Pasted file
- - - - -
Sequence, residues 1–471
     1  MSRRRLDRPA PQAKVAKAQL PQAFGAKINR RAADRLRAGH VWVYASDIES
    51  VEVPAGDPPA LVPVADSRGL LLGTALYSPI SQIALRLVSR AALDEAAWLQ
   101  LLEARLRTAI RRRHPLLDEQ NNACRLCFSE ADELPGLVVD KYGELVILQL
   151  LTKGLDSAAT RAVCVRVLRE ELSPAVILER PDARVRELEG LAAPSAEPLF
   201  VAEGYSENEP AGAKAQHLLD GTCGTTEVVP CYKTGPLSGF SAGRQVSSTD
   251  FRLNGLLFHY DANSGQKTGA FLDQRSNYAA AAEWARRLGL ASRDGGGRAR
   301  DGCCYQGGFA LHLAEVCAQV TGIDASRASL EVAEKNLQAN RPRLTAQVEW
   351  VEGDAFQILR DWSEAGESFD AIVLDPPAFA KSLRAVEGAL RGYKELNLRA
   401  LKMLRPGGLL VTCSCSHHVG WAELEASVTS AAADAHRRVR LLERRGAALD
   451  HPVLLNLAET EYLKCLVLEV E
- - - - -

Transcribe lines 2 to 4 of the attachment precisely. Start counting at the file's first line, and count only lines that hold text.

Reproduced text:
     1  MSRRRLDRPA PQAKVAKAQL PQAFGAKINR RAADRLRAGH VWVYASDIES
    51  VEVPAGDPPA LVPVADSRGL LLGTALYSPI SQIALRLVSR AALDEAAWLQ
   101  LLEARLRTAI RRRHPLLDEQ NNACRLCFSE ADELPGLVVD KYGELVILQL